Having an abortion would be killing my baby. Abortions should be legal and easily accessible.
For me, both statements are true.
Even through my promiscuous teen years — promiscuity doesn’t require sexual intercourse, of course — and despite my untreated substance use disorders that led to unhealthy choices, I somehow managed not to have intercourse until much later than my peers. I waited until I felt ready to raise a child. From my earliest fertile years, I connected the idea of pregnancy with the idea of growing a life inside of me. The feeling was strong. I believed being pregnant would mean there was a life other than my own inside my body.
When I was trying to get pregnant in my 30s, it became even more clear to me that even just hoping to be pregnant each month made me feel as though I had a baby’s life in me. I wanted to protect that life. The feeling that I had a baby in me wasn’t related to actual cells dividing in my uterus; it was spiritual and emotional.
I understand why anti-choice — they may prefer “anti-abortion” or “pro-life” — people try to use science to show that “life begins” at specific points of pregnancy. However, whether the cells inside a pregnant woman’s body are a life or not must be a moot point in the abortion debate.
One of the hardest pills to swallow for those of us who believe abortion should be legal and easily accessible is accepting that some people will believe we are condoning murder.
We must be honest. We are saying the woman who is outside the womb matters more than the life — or not-life — inside the woman’s body. We must admit when we fight for legal and easily accessible abortions that we are saying to people who believe abortion is murder that a woman’s right to medical freedom is more important than the life — or potential life — inside a woman’s body.
After setting aside the subject of the life and turning instead to protecting women’s medical freedom, we are left with the issues of safety and health.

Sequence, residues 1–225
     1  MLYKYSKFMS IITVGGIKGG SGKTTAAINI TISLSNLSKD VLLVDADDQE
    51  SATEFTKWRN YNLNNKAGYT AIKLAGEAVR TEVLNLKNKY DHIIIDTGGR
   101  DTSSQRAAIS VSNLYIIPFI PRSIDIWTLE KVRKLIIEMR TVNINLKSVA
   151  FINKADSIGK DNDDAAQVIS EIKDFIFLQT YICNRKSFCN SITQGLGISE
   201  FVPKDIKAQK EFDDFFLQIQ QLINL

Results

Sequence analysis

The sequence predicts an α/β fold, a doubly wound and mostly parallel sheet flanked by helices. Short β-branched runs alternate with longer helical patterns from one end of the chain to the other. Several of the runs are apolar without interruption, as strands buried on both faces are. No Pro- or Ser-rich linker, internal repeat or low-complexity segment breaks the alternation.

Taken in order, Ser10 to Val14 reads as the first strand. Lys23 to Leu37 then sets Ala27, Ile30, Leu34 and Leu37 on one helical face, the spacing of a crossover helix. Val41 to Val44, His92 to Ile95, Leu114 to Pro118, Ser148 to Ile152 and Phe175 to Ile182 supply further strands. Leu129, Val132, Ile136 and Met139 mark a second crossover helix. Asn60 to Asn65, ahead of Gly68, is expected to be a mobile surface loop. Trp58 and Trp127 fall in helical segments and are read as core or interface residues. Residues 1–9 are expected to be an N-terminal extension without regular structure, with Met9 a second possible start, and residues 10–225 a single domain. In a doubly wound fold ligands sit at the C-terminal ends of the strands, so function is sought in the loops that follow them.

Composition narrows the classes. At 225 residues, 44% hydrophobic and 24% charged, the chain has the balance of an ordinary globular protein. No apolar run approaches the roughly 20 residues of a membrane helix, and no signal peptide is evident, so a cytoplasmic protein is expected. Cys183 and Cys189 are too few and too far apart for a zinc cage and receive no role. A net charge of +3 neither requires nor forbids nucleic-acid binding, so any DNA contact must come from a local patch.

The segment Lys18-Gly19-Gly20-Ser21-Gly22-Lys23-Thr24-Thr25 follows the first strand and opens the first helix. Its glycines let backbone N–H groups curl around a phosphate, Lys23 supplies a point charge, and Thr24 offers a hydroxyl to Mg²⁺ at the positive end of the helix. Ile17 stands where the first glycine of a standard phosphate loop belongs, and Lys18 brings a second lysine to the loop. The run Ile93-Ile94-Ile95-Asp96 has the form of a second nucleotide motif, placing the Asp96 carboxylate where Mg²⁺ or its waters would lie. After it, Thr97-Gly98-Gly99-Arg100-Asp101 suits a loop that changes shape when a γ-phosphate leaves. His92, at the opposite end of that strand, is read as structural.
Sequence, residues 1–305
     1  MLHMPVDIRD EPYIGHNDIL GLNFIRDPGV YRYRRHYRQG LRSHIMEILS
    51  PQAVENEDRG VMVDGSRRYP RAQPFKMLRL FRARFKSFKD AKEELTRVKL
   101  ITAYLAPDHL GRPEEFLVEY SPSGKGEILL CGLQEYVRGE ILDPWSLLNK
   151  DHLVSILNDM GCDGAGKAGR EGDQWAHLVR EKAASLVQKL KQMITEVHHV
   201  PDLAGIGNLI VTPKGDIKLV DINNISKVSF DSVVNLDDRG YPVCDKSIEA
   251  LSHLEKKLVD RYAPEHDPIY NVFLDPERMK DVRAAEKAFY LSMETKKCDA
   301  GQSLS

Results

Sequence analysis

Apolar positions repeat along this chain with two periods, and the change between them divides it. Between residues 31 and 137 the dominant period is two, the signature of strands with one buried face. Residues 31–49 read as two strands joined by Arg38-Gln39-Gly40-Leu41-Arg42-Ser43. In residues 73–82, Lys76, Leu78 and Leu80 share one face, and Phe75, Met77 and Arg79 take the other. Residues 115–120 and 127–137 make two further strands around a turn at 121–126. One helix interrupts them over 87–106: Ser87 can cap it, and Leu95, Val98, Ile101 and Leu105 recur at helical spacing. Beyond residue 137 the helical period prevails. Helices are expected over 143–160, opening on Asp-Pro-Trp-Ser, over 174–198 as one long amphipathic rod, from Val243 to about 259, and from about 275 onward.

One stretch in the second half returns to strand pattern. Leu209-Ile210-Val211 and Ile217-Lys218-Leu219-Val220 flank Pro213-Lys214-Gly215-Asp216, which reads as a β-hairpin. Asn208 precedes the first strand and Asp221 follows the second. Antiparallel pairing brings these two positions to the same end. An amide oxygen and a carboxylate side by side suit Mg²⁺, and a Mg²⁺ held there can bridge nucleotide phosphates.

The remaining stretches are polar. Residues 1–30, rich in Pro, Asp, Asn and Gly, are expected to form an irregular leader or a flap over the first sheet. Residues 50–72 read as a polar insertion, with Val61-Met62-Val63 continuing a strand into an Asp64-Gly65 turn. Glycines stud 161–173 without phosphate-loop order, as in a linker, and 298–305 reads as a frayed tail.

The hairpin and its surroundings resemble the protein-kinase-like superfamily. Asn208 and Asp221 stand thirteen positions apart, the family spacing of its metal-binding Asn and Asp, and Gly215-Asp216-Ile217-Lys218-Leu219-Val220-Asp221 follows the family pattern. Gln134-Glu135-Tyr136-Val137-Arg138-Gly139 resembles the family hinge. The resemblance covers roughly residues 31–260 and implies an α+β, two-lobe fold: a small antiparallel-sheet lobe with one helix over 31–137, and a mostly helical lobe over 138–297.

The fact is, when abortion is legal and performed by a skilled professional, it is safe. That has been shown with strong scientific evidence. When it is illegal, it tends to be unsafe. Legal abortions performed by skilled practitioners are less dangerous than knee replacement or hernia surgeries. Legal abortions performed by well-trained medical caregivers also are safer than childbirth. It also is untrue that the majority of abortions cause women psychological damage; a woman’s mental health before an abortion is the best indicator of her mental health following an abortion.
Even though the research shows that legal abortions performed by well-trained medical professionals are relatively safe procedures, I still don’t think I could bring myself to have one. Whether it is entirely my imagination or not, if I think I’m pregnant, I feel there is a life in me to protect. Because I have this emotional connection to the idea of a life inside of me, I empathize with people who think abortion is murder. I also will do everything I can, at this point, to avoid pregnancy so I won’t have to find out how I feel about abortion for myself.
That said, pregnancy happens even when people are very careful. Pregnancy happens because of rape. Pregnancy happens on purpose, but women change their minds about wanting to be pregnant. Pregnancies and the need for abortions happen in as many ways as there are women who get pregnant. Every woman, no matter how she gets pregnant, should have the freedom to make her own medical decisions.
I am a woman who has always believed I would never have an abortion; I still feel that having an abortion would be killing a life inside of me. I also am a woman who believes every woman should have legal and easy access to the simple medical procedure we call abortion. We must protect women’s medical freedom.
Heather Denkmire is a writer and artist who lives in Portland with her two young daughters. After a few challenging years, she is growing her small business, where her team helps nonprofit organizations win grants. She can be reached at firstname.lastname@example.org. Her columns appear monthly.